Web Markup: What you Didn’t Know You Needed to Know
Before you dive into coding, give yourself an edge: Let Molly E. Holzschlag teach you the goals of successful markup and which method is right for your project. As a contributing editor and columnist for Web Techniques Magazine, Molly explains the various markup languages and slips you a few tips on the best ways to use them.
Most web authors have bootstrapped their way into the industry, learning how to mark up documents through whatever resources were available rather than a formal education. In the rush to build the web, there simply hasn’t been time to study the history of markup and the technology’s underlying concepts. But what does that matter? After all, you’ve likely created pages and sites that work just fine.
It matters quite a bit, actually. Taking the time to understand markup and the World Wide Web Consortium’s (W3C’s) recommended approaches to creating web pages not only makes sense, but also offers benefits to designers and users alike, such as the following:
Following W3C recommended markup approaches creates consistency between documents. This, in turn, saves time and frustration when you try to find errors within a document. What’s more, if you’ve got multiple people working on a site, adhering to standard practices creates a more efficient working environment.
If you’re frustrated by browser and platform inconsistencies, following recommendations will eliminate many struggles. When you follow W3C recommendations, documents become more interoperable, reducing testing time and increasing the portability of documents.
Documents conforming to W3C recommendations pay attention to the needs of the disabled. This ensures that the information within those documents can be accessed and easily understood.
Porting to multiple languages becomes easier. Formal markup provides a means by which documents can be prepared to display in a variety of languages using different character sets.
Markup that adheres to current recommendations and approaches can easily be interpreted by a wider range of user agents beyond the browser. This makes your information widely accessible. As people move from web to wireless and alternative means of accessing web-based data, clean markup becomes imperative.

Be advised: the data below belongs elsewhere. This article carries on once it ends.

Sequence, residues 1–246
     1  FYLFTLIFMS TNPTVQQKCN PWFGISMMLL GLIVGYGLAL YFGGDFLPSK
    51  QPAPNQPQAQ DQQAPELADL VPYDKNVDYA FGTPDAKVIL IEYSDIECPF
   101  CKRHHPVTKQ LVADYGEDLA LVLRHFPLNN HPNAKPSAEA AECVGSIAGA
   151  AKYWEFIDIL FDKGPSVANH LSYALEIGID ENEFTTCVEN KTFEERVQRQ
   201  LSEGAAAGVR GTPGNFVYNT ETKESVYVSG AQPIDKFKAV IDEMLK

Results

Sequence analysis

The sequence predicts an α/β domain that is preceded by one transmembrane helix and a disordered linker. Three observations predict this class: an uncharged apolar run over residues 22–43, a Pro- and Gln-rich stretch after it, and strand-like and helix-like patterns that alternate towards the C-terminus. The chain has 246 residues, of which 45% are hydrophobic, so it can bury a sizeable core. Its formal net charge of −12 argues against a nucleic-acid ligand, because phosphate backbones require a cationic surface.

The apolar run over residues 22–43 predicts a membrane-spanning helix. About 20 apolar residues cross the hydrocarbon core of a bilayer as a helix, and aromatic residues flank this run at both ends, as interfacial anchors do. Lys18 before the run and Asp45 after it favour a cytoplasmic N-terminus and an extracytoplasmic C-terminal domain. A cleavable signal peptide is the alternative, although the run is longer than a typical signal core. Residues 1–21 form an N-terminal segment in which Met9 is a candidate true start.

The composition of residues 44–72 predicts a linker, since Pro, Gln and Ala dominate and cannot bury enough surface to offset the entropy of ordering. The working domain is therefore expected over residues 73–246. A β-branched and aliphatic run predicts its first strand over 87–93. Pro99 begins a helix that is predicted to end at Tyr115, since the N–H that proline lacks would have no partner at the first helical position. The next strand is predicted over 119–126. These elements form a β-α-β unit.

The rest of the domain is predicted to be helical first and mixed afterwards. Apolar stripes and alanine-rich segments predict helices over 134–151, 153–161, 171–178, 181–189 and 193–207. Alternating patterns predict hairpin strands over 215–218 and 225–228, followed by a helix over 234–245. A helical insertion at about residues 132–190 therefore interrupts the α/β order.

These advantages come when designers are all on the same page in terms of markup and style. One of the best ways to get to this stable platform upon which to develop fantastic sites is to look back at what today’s markup options were built on.
What Is HTML?
To understand HTML, you need to understand its parent markup language, the Standard Generalized Markup Language (SGML). SGML has been around for many years, and became a standard for document markup specialists in government and such industries as medicine, law, and finance.
SGML is a meta language: It exists to create other markup languages. SGML is essentially a collection of language rules that authors use to create their own document languages. HTML is one of the resulting languages—a child, if you will, of its meta-parent SGML.
From SGML, HTML took its structure, syntax, and basic rules. However, HTML even in its current seemingly complex state—is less complex and detailed than SGML. Especially in its early life, HTML was very simple. It existed to enable basic markup of pages for the web: paragraphs, line breaks, headers. Remember that the web was first a text-only environment! HTML was not developed with presentation concerns in mind; its goal was to structure data.
Enter the visual browser, which changed the web environment from one constructed of text documents to one that promised growing opportunities for visual design. HTML and web browsers themselves were stretched out of proportion to accommodate the rapid-fire pace of the web’s visual and interactive growth.
Trying to manipulate HTML to do what you want is frustrating. No consistent methods for creating layout exists, and there’s essentially no stable way to manage type. To lay out a page in columns, for example, you often have to rely on tables, instead of style sheet positioning, to ensure cross-browser compatibility for the designs. You also have little control over white space, relying on workarounds such as single-pixel spacer GIFs. HTML is, in many ways, a designer’s nightmare born of the fact that the web was never intended to be a visual environment. But it became one, and how to manage that reality has been a challenge ever since.